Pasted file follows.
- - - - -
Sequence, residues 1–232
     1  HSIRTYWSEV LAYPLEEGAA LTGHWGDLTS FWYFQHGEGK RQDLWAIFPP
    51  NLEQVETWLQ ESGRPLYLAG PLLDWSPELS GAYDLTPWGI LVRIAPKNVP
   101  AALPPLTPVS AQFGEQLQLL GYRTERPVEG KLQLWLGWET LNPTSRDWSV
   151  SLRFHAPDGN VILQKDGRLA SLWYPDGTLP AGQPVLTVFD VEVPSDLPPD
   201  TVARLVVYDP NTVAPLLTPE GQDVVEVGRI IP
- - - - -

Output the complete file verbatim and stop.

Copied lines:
Sequence, residues 1–232
     1  HSIRTYWSEV LAYPLEEGAA LTGHWGDLTS FWYFQHGEGK RQDLWAIFPP
    51  NLEQVETWLQ ESGRPLYLAG PLLDWSPELS GAYDLTPWGI LVRIAPKNVP
   101  AALPPLTPVS AQFGEQLQLL GYRTERPVEG KLQLWLGWET LNPTSRDWSV
   151  SLRFHAPDGN VILQKDGRLA SLWYPDGTLP AGQPVLTVFD VEVPSDLPPD
   201  TVARLVVYDP NTVAPLLTPE GQDVVEVGRI IP